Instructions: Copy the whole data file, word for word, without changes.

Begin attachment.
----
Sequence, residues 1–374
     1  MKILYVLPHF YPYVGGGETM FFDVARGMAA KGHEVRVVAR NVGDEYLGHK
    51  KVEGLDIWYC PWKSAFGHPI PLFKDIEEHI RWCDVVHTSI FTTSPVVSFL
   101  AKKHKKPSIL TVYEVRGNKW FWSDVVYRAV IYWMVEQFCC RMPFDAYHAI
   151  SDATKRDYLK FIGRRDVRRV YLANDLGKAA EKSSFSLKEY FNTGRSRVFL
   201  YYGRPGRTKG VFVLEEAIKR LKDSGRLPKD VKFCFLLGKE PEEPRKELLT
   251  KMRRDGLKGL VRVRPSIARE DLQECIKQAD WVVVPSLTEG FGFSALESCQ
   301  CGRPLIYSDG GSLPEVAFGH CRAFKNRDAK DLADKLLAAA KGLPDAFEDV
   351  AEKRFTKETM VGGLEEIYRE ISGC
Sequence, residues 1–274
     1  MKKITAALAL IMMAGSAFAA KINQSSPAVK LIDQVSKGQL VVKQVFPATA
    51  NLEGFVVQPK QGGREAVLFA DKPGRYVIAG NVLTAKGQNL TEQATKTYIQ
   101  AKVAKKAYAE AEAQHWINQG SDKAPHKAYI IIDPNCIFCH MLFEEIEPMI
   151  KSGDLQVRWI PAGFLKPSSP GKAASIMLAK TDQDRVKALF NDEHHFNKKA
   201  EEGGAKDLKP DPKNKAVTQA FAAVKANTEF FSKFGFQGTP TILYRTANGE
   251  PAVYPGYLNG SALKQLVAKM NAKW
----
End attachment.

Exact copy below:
Sequence, residues 1–374
     1  MKILYVLPHF YPYVGGGETM FFDVARGMAA KGHEVRVVAR NVGDEYLGHK
    51  KVEGLDIWYC PWKSAFGHPI PLFKDIEEHI RWCDVVHTSI FTTSPVVSFL
   101  AKKHKKPSIL TVYEVRGNKW FWSDVVYRAV IYWMVEQFCC RMPFDAYHAI
   151  SDATKRDYLK FIGRRDVRRV YLANDLGKAA EKSSFSLKEY FNTGRSRVFL
   201  YYGRPGRTKG VFVLEEAIKR LKDSGRLPKD VKFCFLLGKE PEEPRKELLT
   251  KMRRDGLKGL VRVRPSIARE DLQECIKQAD WVVVPSLTEG FGFSALESCQ
   301  CGRPLIYSDG GSLPEVAFGH CRAFKNRDAK DLADKLLAAA KGLPDAFEDV
   351  AEKRFTKETM VGGLEEIYRE ISGC
Sequence, residues 1–274
     1  MKKITAALAL IMMAGSAFAA KINQSSPAVK LIDQVSKGQL VVKQVFPATA
    51  NLEGFVVQPK QGGREAVLFA DKPGRYVIAG NVLTAKGQNL TEQATKTYIQ
   101  AKVAKKAYAE AEAQHWINQG SDKAPHKAYI IIDPNCIFCH MLFEEIEPMI
   151  KSGDLQVRWI PAGFLKPSSP GKAASIMLAK TDQDRVKALF NDEHHFNKKA
   201  EEGGAKDLKP DPKNKAVTQA FAAVKANTEF FSKFGFQGTP TILYRTANGE
   251  PAVYPGYLNG SALKQLVAKM NAKW